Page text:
Monday, May 27, 2013

Flaming Arrows And Streaking Teenagers: A Memorial Day Lesson



 [This is an edited version of a post originally published over Memorial Day weekend in 2011.]
In one sense, it was an epic teenage prank. The kind of thing you’d still be talking about thirty-some years later. In another sense, it epitomized the monumental dickishness of my generation, the post-Vietnam we-don’t-give-a-crap generation that came of age in the 1970s.
It was late May 1979 and I was a junior at Oak Park-River Forest High School in suburban Chicago. We were coming up on the annual Memorial Day assembly where the students were trotted out to the football stadium to sit in the grandstands to watch an ancient color guard slow-march the American flag and the flags of each of the service branches out onto the field while someone played “Taps”; followed by patriotic speeches and an overly emotive reading of “In Flanders Fields”; and then we’d trundle back into the school to continue marking time until the school year ended.
But that year, a senior – we’ll call him “Jeff” – came up with what must’ve seemed like a brilliant idea at the time. And he almost pulled it off.
It went like this, and I swear to god I’m not making any of this up. On the morning of the assembly, one of Jeff’s friends was hiding behind a parked car across Linden Avenue to the west of the football stadium, armed with a bow and arrow. Yes, a bow and arrow. At the business end of the arrow, they’d attached three or four firecrackers with wire or twine. Shortly after the student body were seated in the football stadium’s grandstands waiting for the color-bearing octogenarians and so forth, Jeff’s friend lit the fuses of the firecrackers and shot the arrow into the northwest corner of the football field, opposite the grandstands. The firecrackers went off, diverting everyone’s attention.
And again, I am not making this up.
At that precise moment, Jeff burst out of a concession stand at the northeast corner of the field, buck-freaking-naked – except for a ski mask and a pair of sneakers – and hightailed it from east to west down the track at the north edge of the field. He leapt the wrought iron fence at the west end of the stadium, dashed across Linden Avenue, and disappeared between houses on the opposite side of the street. The place went mad. Students howled, mostly in approval. Teachers and administrators fumed. An assistant football coach took off after Jeff, also leaping the fence and disappearing across the street. The ancient color guard were motionless, stunned, not quite sure if they could believe their own eyes.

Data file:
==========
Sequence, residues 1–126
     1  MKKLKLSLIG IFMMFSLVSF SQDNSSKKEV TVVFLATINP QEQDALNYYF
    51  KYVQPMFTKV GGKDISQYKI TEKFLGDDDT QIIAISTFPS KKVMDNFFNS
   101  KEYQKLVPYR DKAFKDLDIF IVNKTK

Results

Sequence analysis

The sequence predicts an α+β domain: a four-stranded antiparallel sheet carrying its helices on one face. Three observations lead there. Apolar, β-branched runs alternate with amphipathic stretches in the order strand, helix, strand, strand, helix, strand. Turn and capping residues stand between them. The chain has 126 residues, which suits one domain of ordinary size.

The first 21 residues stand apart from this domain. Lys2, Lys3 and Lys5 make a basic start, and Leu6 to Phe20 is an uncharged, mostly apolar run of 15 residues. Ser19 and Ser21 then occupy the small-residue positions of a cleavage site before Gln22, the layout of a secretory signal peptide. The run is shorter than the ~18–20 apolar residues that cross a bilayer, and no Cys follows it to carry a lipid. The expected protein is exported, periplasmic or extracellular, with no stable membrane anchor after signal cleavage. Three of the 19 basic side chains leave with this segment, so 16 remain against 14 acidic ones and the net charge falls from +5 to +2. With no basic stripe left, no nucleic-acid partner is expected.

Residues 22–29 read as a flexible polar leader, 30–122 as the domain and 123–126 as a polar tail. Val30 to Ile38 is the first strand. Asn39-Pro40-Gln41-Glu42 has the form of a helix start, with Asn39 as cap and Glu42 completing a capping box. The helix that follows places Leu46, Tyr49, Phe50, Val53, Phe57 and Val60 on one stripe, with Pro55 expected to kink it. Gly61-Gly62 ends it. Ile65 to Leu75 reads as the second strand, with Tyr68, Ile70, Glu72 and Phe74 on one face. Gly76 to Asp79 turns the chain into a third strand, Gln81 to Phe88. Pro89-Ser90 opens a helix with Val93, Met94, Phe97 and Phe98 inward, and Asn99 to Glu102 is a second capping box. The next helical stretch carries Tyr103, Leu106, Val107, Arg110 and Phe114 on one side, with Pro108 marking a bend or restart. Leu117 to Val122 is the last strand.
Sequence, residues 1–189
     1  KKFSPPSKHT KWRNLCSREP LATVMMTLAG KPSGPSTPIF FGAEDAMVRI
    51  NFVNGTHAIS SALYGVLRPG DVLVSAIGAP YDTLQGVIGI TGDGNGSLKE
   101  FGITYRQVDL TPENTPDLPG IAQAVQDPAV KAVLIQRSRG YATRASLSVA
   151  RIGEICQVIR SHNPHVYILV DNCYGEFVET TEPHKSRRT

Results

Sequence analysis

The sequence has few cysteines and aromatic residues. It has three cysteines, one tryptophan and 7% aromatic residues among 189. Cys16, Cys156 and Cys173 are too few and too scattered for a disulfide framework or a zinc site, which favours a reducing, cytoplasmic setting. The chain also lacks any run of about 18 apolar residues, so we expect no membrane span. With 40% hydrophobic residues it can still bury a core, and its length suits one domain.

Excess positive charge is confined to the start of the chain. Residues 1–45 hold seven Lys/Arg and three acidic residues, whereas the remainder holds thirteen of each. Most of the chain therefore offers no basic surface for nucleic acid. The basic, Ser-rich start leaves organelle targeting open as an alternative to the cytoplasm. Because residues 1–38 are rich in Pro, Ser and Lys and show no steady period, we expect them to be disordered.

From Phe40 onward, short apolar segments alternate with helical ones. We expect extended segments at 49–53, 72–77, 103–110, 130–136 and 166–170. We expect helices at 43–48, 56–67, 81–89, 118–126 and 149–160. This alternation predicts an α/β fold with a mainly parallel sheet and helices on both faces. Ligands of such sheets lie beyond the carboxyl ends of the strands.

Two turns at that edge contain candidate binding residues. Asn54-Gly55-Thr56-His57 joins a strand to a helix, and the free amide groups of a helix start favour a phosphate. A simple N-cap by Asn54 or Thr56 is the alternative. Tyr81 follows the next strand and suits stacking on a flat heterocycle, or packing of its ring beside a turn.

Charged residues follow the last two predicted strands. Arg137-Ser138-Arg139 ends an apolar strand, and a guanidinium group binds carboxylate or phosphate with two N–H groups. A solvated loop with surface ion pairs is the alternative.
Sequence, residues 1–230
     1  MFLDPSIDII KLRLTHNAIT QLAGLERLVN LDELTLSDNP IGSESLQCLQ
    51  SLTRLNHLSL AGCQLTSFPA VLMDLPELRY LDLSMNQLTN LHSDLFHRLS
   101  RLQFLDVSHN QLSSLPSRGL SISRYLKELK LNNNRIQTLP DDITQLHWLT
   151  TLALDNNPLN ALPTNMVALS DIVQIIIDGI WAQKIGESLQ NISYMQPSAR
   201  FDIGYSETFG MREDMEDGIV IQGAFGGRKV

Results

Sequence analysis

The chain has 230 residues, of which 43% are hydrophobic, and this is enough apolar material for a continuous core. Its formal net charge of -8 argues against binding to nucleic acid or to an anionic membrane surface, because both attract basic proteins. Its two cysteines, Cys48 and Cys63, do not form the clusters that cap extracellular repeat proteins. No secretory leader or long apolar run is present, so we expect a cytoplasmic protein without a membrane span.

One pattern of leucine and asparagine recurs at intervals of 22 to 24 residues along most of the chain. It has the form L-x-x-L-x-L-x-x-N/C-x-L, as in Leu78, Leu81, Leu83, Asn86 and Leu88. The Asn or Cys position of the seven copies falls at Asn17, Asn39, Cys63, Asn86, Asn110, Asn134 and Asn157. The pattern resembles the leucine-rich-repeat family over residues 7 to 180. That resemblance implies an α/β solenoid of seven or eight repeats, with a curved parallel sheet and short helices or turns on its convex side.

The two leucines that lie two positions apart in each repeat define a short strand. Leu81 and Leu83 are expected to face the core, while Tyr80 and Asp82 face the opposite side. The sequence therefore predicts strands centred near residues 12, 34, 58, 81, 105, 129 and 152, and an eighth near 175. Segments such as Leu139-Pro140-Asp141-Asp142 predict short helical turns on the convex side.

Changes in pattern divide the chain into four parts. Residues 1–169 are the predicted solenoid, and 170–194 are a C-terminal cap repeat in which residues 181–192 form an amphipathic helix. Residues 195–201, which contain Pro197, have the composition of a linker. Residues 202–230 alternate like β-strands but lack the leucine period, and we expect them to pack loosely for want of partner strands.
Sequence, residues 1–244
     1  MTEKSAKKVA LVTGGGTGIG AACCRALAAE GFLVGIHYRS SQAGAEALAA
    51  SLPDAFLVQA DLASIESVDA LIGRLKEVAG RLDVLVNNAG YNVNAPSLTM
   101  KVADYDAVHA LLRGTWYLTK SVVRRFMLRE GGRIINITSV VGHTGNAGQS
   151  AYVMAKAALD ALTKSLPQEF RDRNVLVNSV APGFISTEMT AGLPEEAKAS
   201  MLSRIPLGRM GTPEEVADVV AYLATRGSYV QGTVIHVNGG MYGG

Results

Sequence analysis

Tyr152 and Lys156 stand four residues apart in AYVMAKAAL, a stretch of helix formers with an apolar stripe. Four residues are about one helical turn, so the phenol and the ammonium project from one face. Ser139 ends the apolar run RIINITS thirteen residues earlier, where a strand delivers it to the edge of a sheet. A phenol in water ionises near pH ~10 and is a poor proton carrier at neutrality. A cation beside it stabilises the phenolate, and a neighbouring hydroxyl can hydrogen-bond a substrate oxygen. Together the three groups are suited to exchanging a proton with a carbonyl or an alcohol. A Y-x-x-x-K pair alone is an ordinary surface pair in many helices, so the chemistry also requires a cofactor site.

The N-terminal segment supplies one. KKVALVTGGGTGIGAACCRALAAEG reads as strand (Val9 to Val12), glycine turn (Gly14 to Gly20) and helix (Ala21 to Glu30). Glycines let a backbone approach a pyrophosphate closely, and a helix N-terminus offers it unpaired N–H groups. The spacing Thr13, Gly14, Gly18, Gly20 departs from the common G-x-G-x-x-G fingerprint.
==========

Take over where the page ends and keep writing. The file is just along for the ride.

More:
By way of epilogue, I should point out that Jeff got caught immediately afterward. The reason being, he lost one of his gym shoes vaulting the fence making his getaway … and his name was written inside it. Yeah, he chose to wear gym shoes with his name written inside of them when he pulled off what seemed to be the most epic prank in his or any of our high school careers. As a punishment, he was banned prom and graduation; and, to add insult to injury, he made what turned out to be a huge mistake: He thought he could redress the wrongs visited upon him by writing legendary Chicago newspaper columnist Mike Royko. And Royko did indeed write a column about the incident the following week. But, Royko, a former Air Force man, was – how shall I put this? – less than sympathetic to Jeff’s plight.
But here’s the thing. Being an idiotic seventeen year old at the time, I managed to convince myself that this dickish prank was, in fact, some sort of grandiose political gesture; that it wasn’t just the act of an upper middle-class suburban jerk but was instead a way of raising our collective middle fingers at the military-industrial complex, or some such nonsense. Because nuance and complexity tend to evade seventeen year olds who think they’re smarter than everybody else, I couldn’t appreciate Memorial Day for what it was. I didn’t get that showing respect to men and women who died in uniform was something altogether different from supporting war itself; that you could have grave reservations about, say, Vietnam, but still feel immense sadness, and even appreciation, for the men and women who died in Vietnam, or Korea, or anywhere else politicians sent them to die.
It’s odd. My father was a World War II combat veteran, which has always been a source of tremendous pride to me. So you’d think even at seventeen I’d’ve had some sense of respect for military dead. But my father was vehemently opposed to the Vietnam War, which was still an open wound in 1979; and, more than that, my dad, like most people who actually saw action during wartime, was never one to romanticize it. In fact, he hated war like only a combat veteran can hate war. And I guess at age seventeen I couldn’t distinguish between war and the people who were forced to fight wars; so being opposed to one meant you had to be opposed to the other.
Jesus, was I an idiot.
Over the years, I’ve come to look at that Memorial Day assembly in 1979 as a low point. Not that I personally had anything to do with the prank itself, but it still bothers me that I thought it was great at the time. I often wish I could go back to and talk to my seventeen year old self. If I could, I think I’d say something like this: Don’t ever blame the people who serve for bad decisions made by politicians, or for unthinking people who cheer on war like it’s football. As long as we need a military, we need people who are willing to sign up and take that oath – the one to protect and defend the Constitution – and those people are and always will be our collective responsibility.
Taking the time to honor people who’ve died in wars, even (or perhaps especially) wars started by arrogant, foolish politicians for crass reasons, is the very least we can do for them.

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